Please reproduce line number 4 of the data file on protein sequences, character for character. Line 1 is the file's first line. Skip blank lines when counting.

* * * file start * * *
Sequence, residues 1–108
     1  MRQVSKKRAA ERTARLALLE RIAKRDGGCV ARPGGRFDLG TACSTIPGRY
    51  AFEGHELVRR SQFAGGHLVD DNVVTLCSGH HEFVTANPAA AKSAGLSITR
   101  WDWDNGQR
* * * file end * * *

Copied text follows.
   101  WDWDNGQR